Taxonomic name: Coronilla varia L.
Synonyms: Securigera varia (L.) Lassen subsp. orientalis Jahn
Common names: arvejilla morada (Spanish), axseed (English), bunte Kronwicke (German), coronilla morada (Spanish), coronille bigarrée (French), coronille variée (French), crown-vetch (English), ruda inglesa (Spanish), trailing crown-vetch (English)
Organism type: herb
Coronilla varia is a perennial herb with creeping stems that may reach 0.6 - 2 metres. It is tolerant of drought, heavy precipitation, and cold temperatures, but it is intolerant of shade. C. varia is adapted to all coarse and medium textured soils, but it does not grow well in fine textured, saline, and alkaline soils. It reproduces prolifically and spreads rapidly via creeping rhizomes. In the United States C. varia has been extensively planted for erosion control along many roads and other disturbed areas. It has also been widely planted for ground cover on steep banks, mine reclamation, and as a cover crop on cropland.
VDCR/VNPS (UNDATED) describes C. varia, a member of the pea family, as a perennial herb with creeping stems that may reach 0.6 - 2m in length. The compound leaves bear 15 to 25 leaflets. The pea-like, pink to white flowers occur in clusters at the end of extended stalks. The narrow, leathery seedpods may be 5 - 8cm long. The following three characteristics together distinguish C. Varia from other legumes: its compound leaves have an odd number of leaflets, the leaves and flower stalks arise from the main stem, and the flowers occur in a radiating cluster called an umbel.
range/grasslands, ruderal/disturbed, urban areas
Tu (2003) describes Coronilla varia as tolerant of a broad range of environmental conditions. It can withstand periods of drought as well as heavy precipitation (up to 165cm annual precipitation), but it cannot tolerate flooded soil conditions. It is tolerant of cold temperatures (down to –33°C) but is intolerant of shade. C. varia is well adapted to all coarse and medium textured soils, including sands, gravelly-rocky soils, and loams. It does not grow particularly well in fine textured soils, but can survive in silts and clays. It can grow in soils ranging in pH from 5.0 to 7.5 and is not tolerant of saline and alkaline soils. Since C. varia was largely planted in the United States for erosion control, it is now located mostly along roadsides, rights-of-way, open fields, waste areas, and on gravel bars along streams.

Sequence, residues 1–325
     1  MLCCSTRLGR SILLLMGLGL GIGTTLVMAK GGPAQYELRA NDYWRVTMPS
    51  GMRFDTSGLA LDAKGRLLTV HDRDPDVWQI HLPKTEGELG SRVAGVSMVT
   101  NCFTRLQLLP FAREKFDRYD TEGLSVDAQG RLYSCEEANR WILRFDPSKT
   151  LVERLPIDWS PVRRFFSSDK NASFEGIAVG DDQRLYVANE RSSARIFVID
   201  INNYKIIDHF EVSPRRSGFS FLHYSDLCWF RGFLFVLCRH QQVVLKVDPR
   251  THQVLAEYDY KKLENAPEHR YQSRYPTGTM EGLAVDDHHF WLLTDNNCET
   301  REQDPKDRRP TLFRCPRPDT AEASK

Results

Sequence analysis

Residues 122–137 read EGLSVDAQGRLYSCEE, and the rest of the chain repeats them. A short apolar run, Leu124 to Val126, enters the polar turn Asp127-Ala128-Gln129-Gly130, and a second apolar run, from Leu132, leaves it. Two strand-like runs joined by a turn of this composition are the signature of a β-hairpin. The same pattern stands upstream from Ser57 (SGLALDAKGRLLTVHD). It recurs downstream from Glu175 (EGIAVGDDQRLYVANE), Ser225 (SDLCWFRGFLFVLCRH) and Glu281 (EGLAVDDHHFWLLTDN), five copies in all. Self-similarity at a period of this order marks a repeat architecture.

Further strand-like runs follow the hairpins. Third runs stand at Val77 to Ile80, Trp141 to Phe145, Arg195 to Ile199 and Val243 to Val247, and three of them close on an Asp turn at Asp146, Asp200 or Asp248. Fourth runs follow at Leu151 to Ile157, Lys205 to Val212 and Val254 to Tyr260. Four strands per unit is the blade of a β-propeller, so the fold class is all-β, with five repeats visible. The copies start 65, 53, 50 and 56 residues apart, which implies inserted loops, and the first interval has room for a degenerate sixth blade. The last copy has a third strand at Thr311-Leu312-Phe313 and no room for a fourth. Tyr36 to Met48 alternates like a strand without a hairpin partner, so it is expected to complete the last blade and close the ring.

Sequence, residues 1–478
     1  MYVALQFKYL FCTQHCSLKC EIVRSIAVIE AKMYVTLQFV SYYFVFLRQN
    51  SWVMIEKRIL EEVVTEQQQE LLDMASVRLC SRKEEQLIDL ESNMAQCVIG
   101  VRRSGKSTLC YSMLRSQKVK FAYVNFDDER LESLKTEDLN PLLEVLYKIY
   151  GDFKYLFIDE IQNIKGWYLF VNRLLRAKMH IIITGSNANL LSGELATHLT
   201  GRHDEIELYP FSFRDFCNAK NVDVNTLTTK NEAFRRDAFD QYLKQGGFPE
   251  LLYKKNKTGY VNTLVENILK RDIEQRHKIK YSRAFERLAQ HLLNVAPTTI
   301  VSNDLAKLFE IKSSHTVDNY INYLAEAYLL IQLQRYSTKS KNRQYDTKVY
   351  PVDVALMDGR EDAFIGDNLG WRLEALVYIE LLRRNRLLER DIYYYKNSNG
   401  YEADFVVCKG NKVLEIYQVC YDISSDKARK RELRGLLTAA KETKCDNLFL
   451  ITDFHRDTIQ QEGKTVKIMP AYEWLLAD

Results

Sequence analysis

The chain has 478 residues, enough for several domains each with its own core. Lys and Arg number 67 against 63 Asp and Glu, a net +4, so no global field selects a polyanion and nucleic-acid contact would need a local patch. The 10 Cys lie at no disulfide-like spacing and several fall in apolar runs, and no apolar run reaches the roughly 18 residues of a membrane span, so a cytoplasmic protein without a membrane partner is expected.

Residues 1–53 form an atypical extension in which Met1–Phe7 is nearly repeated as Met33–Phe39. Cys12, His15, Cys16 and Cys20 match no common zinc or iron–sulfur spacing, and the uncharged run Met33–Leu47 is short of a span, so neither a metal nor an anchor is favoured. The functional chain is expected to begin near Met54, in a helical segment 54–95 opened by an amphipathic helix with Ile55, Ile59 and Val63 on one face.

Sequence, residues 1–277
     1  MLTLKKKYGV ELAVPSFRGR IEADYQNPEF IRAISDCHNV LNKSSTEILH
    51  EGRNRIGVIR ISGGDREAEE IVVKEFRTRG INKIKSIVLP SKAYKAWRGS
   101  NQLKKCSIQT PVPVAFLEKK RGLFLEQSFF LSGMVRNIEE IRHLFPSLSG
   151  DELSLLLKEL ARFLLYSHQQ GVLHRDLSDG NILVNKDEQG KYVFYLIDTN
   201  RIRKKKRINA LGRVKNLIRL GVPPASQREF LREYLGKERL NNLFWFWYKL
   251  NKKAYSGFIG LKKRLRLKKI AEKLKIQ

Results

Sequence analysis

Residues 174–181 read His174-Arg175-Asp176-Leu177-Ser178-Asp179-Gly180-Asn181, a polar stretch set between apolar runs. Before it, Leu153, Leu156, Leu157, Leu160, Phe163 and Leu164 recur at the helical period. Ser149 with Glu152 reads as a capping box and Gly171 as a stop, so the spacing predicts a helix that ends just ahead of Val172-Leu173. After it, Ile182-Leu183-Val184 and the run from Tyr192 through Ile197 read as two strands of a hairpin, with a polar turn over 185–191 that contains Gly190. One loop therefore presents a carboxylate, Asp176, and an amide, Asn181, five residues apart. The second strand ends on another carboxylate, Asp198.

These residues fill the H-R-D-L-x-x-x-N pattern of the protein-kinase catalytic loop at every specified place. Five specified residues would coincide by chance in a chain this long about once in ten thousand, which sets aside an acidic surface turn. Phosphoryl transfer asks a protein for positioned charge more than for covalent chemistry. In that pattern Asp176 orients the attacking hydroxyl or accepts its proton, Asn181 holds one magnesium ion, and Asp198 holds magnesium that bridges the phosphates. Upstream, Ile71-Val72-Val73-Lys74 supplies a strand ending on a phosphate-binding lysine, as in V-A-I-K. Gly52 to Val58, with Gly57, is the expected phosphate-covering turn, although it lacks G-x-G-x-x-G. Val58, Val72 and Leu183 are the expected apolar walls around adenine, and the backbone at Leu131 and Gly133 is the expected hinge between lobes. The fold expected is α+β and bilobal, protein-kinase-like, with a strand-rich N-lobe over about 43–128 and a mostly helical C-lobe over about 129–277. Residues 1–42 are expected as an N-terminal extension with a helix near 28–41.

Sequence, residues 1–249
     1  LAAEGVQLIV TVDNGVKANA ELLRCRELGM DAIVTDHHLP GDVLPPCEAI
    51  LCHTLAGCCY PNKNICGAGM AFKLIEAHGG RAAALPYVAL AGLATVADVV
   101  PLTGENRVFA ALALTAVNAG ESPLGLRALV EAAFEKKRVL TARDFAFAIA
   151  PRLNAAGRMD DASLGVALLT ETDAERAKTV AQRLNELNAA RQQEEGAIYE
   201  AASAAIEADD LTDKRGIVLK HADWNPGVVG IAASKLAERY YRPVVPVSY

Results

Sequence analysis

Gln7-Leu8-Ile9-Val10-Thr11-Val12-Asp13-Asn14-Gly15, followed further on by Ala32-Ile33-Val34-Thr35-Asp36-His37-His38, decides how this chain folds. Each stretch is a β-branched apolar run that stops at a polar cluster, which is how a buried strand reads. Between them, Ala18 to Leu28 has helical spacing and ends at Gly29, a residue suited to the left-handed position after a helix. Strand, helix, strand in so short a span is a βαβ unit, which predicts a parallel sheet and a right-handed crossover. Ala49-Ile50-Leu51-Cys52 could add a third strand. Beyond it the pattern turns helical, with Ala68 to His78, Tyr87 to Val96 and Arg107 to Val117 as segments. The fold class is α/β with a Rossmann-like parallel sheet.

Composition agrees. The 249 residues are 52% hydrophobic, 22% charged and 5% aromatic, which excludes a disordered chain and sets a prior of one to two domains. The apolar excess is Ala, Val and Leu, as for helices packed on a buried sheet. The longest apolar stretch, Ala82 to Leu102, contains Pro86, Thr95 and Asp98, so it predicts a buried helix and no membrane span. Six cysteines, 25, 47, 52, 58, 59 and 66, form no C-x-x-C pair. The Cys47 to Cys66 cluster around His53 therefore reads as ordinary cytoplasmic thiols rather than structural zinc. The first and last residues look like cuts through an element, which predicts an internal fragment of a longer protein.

Tu (2003) states that Coronilla varia can invade and dominate avariety of vegetation types. It is a serious threat to many natural areas because of its prolific seeding ability and rapid rate of vegetative spread via its rhizomes, which can create dense, single-species stands. The character of a natural area can be transformed from a richly diverse habitat into just another weedy tract (VDCR/VNPS UNDATED). Tu (2003) reports that when plant communities become thoroughly infested, native plant biodiversity decreases and natural successional processes are altered. It is able to competitively reduce and/or exclude the growth of most native plant species (primarily by shading), such as the native rare plant Solidago shortii in the southeastern United States. By excluding native plants, wildlife that rely on natural habitats and communities are then compromised. C. varia can alter ecosystem function and nutrient cycling, leading to further degradation of those infested habitats. When C. varia invades new habitats, soil nitrogen increases (roots fix nitrogen with symbiotic cyanobacteria) and overall fuel load changes in fire-adapted communities. C. varia can be poisonous to single stomached animals if ingested in large quantities.
Tu (2003) reports that in the United States, C. varia has been extensively planted for erosion control along many roads, highways, and disturbed areas. It has also been widely planted for ground cover, mine reclamation, and as a cover crop as it provides nitrogen to soil through its association with cyanobacteria. It produces high quality forage for livestock. While it can be poisonous to single stomached animals if ingested in large quantities, there is generally little or no bloat hazard to other livestock. Deer and elk eat C. varia, and rabbits, ground-nesting birds, and meadow voles often use it as cover. Caterpillars and butterflies may use it as a host plant.